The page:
If you love backpacking, you have to find a way to visit Patagonia. Don and I have been in South America now for a little over one month, and in that time we have fallen in love with the Lakes District in Northern Patagonia. We spent the first week of our 10-month trip in Buenos Aires, Argentina, exploring the city and feeling mostly very small and a bit stressed out. We enjoyed our time there, but we were anxious to leave the sprawling metropolis and drive 20 hours southwest to Bariloche, the ¨Breckenridge¨ of South America. As we rounded the last river bend and our eyes fell on the craggy Andes and bright blue Nahuel Haupi lake, we knew we were in for some adventures. In the middle of summer, Bariloche is packed full of tourists escaping the heat of the north and looking for cool water and shaded forests. In the winter, the city is bustling with skiers, making turns at the country´s largest resort just 15 minutes from town. But in the spring, Bariloche´s temperature hovers right around 70, most trails and roads are blessedly quiet, and a multitude of bright yellow and purple flowers contrast sharply with the vibrant blues and greens of clear skies and lush foliage. Spring here is heavenly, and the opportunities for adventure are endless.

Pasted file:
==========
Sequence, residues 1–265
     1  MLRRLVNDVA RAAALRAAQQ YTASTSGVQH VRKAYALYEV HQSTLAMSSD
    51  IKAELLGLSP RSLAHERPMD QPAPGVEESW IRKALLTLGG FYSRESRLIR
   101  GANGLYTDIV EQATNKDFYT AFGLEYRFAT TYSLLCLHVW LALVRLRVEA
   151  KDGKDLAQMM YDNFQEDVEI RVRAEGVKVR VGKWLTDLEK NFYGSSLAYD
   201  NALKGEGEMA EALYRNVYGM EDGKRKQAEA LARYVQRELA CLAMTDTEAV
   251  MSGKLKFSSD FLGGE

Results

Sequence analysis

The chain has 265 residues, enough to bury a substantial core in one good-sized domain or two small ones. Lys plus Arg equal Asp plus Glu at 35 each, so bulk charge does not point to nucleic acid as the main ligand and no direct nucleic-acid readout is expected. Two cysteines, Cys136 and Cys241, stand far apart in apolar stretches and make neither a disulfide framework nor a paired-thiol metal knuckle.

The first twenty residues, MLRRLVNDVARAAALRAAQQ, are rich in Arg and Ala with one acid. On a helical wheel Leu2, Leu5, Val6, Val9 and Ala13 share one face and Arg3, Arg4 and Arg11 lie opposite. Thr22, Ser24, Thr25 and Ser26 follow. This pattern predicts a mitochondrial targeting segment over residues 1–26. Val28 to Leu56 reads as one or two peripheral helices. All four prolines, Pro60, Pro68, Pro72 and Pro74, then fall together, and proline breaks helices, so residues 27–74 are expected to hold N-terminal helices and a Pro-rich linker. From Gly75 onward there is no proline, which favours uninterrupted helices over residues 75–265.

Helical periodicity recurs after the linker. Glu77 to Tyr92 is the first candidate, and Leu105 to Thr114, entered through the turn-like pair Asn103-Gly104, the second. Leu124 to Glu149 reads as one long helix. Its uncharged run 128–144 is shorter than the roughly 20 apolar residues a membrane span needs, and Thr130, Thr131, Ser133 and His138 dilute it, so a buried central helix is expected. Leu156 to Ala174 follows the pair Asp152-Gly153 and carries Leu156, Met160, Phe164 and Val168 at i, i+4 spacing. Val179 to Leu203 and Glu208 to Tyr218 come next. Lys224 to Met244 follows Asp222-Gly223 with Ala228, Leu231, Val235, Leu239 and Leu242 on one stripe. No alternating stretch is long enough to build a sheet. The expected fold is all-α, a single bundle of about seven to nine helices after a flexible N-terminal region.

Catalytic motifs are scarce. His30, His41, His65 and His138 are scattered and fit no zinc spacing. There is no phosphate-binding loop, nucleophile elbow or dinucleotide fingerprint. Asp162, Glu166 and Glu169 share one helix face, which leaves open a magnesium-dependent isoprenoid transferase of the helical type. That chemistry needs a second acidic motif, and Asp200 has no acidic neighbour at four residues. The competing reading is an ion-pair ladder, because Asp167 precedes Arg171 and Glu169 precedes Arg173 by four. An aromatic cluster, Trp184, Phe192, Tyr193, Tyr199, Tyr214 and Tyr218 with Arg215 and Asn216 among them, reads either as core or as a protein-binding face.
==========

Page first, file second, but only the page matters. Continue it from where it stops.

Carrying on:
Buenos AiresHostel Punto Sur

Don and I were incredibly lucky to find a job exchange here in Bariloche at Hostel Punto Sur, a lively and well-run hostel in the center of town. Upon arriving, we were given free beds, free food, and free friendship, all in exchange for some front desk work (read ¨Spanish practice¨) in the evenings 5 days a week. This opportunity continues to benefit us as we use the hostel as a home base between various excursions and adventures into the surrounding Nahuel Haupi National Park. We have become good friends with the staff here, sharing in ¨asados¨ (BBQ´s), road trips, and long days in the sun. Tomorrow it will finally be time to go and begin our journey north, first stopping in Mendoza for a week (famous for its world-renowned wines) and then continuing on to Salta. It will be hard to leave this place that we´ve begun to call ¨home¨, but we feel satisfied in knowing that we´ve enthusiastically explored many of its hidden treasures and breathtaking vistas.

Playa Via Tacul